While conservatives roundly criticize Senate Republicans for cutting a deal with Vice President Joe Biden to avert the fiscal cliff, there are several aspects of the deal that make it a win for Republicans – if they cling to their promises this time.
First off, President Obama has now admitted that he got the tax increases he wanted. While his crowd proclaims that Republicans raised taxes for the first time in history, they didn’t – taxes were slated to rise anyway, and they voted to lower taxes that were in place after the fiscal cliff hit on Monday night. More importantly, Obama has said that he’s got all the tax increases he wants: “this means millionaires and billionaires will pay their fair share to reduce the deficit through a combination of permanent tax rate increases and reduced tax benefits.”
That means it’s time to cut. And with the debt ceiling debate coming up, President Obama can’t stump for yet more tax increases, after he’s gotten the tax increases he supposedly wanted. As Senate Minority Leader Mitch McConnell (R-KY) said, “Now it’s time to get serious about Washington’s out of control spending. That’s a debate the American people want. It’s a debate Republicans are ready to have.” As one Senate aide told me, “Now it’s all cuts all the time. Taxes are off the table.”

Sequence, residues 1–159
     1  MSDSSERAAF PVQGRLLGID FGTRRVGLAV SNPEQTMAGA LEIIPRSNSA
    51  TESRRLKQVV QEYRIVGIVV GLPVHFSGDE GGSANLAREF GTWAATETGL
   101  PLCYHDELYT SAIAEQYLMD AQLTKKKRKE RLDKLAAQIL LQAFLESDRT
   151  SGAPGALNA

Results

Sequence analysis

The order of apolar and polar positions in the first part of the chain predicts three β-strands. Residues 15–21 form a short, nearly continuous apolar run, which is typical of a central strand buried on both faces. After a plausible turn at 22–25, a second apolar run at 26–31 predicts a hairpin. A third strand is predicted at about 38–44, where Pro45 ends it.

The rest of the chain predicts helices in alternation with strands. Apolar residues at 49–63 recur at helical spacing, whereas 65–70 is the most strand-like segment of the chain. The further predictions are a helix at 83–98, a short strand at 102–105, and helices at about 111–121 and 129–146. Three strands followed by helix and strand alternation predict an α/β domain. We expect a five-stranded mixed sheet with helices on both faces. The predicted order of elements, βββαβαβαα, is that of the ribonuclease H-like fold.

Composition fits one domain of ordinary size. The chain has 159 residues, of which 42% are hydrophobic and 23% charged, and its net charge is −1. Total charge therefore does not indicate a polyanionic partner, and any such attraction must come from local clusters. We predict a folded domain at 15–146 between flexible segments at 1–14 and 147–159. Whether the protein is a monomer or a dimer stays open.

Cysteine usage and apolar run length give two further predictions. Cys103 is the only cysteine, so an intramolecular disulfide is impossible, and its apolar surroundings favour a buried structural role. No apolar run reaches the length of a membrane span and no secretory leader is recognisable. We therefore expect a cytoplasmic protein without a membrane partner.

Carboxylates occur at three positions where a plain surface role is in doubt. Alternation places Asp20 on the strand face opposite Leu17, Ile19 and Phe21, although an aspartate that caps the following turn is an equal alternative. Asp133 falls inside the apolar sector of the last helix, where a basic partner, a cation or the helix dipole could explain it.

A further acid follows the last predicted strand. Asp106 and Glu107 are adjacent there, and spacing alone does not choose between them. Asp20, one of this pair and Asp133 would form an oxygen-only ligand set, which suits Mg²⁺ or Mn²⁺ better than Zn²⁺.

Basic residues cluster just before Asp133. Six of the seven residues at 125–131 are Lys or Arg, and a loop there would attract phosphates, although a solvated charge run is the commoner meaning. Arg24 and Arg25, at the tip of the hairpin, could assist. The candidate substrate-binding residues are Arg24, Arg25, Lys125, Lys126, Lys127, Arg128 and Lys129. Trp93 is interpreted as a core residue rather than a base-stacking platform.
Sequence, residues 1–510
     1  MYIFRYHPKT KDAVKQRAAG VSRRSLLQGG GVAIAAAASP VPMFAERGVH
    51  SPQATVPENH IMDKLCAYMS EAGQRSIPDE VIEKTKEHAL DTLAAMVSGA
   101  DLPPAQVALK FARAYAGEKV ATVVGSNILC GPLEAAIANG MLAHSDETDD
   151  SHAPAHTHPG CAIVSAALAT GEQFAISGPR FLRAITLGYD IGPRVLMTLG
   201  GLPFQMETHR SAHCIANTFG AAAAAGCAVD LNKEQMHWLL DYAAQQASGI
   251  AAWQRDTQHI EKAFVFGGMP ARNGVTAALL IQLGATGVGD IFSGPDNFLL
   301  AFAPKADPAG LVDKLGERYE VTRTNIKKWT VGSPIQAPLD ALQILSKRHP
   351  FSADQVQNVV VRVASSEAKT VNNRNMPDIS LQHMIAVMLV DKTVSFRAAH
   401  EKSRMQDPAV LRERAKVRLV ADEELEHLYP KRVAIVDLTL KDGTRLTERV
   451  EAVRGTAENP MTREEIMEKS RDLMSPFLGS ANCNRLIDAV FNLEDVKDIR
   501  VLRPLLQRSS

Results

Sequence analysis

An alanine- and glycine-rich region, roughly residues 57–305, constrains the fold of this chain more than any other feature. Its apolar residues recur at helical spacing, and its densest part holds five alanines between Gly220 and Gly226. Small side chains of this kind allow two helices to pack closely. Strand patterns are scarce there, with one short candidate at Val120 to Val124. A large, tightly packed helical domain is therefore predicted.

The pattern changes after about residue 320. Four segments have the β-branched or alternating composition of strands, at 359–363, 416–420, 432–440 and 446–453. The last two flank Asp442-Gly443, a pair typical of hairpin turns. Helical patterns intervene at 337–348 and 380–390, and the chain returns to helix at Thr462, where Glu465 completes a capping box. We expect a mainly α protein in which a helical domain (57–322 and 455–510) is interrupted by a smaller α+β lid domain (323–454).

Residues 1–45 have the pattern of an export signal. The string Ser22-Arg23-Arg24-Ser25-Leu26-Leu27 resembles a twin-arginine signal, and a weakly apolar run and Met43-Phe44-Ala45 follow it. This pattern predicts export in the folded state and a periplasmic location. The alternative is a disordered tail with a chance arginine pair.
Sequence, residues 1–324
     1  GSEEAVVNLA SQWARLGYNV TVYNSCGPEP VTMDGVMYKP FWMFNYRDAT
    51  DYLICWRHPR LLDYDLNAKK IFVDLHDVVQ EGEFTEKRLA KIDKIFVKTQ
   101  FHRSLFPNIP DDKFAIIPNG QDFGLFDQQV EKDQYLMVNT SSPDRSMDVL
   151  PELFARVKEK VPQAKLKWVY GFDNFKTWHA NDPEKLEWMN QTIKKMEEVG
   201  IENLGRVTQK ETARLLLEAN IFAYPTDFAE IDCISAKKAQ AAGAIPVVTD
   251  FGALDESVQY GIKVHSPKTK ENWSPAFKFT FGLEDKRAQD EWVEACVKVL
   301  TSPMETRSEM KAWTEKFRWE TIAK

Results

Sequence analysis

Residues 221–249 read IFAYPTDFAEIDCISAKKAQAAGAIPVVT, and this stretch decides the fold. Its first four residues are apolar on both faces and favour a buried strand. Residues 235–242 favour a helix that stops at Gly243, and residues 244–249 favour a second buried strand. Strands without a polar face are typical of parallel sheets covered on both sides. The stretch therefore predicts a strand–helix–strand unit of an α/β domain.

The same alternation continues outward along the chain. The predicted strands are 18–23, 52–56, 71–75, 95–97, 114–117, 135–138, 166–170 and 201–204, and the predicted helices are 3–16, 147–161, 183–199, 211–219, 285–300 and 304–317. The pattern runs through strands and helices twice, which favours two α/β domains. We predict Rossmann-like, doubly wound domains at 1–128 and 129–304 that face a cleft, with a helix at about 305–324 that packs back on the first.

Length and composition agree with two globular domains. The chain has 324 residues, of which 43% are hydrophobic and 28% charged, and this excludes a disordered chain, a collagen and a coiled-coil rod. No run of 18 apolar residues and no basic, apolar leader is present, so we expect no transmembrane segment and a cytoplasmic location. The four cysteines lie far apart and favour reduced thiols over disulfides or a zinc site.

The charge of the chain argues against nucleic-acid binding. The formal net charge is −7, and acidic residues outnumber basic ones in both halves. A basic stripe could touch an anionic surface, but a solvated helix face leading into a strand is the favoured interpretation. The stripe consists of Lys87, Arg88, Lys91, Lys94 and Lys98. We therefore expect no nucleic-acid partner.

There’s another aspect of the deal that’s good for conservatives, too: the sequester-size cuts will take place. And they will be more carefully tailored than the blunderbuss approach that would disproportionately slash defense.
Yes, on the tax rates, liberals won. But thanks to Republicans, their win wasn’t as big as it could have been – just 0.7 percent of all households will be affected by the increased tax rates. That’s thousands of households too many. But remember that if Obama had gotten his way, that number would have been 2 percent, and that if we’d hit the fiscal cliff, every American taxpaying household would have seen a tax increase.
So is this fiscal cliff deal a loser for Republicans? Only if they play their cards wrong on the debt ceiling debate. But Obama has no cards on that debate. Is he going to hold America’s credit rating hostage to preserve this level of government spending? The American people want to see spending cut. And now that they’ve had their class warfare moment, and even Obama has acknowledged that that moment is over, it’s time to get down to business.